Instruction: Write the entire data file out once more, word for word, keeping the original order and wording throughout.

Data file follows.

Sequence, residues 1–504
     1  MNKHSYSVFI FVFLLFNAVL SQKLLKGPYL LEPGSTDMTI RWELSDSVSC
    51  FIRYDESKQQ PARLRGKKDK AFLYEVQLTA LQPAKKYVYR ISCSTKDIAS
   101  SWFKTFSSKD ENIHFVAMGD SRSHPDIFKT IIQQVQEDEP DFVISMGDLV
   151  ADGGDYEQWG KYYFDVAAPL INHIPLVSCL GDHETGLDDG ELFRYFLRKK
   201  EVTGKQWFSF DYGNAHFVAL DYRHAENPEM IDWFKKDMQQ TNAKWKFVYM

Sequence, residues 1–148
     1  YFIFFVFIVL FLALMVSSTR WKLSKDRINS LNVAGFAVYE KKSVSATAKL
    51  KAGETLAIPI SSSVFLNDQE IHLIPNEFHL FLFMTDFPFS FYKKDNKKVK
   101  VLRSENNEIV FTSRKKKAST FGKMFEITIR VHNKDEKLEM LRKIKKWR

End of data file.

Sequence, residues 1–504
     1  MNKHSYSVFI FVFLLFNAVL SQKLLKGPYL LEPGSTDMTI RWELSDSVSC
    51  FIRYDESKQQ PARLRGKKDK AFLYEVQLTA LQPAKKYVYR ISCSTKDIAS
   101  SWFKTFSSKD ENIHFVAMGD SRSHPDIFKT IIQQVQEDEP DFVISMGDLV
   151  ADGGDYEQWG KYYFDVAAPL INHIPLVSCL GDHETGLDDG ELFRYFLRKK
   201  EVTGKQWFSF DYGNAHFVAL DYRHAENPEM IDWFKKDMQQ TNAKWKFVYM

Sequence, residues 1–148
     1  YFIFFVFIVL FLALMVSSTR WKLSKDRINS LNVAGFAVYE KKSVSATAKL
    51  KAGETLAIPI SSSVFLNDQE IHLIPNEFHL FLFMTDFPFS FYKKDNKKVK
   101  VLRSENNEIV FTSRKKKAST FGKMFEITIR VHNKDEKLEM LRKIKKWR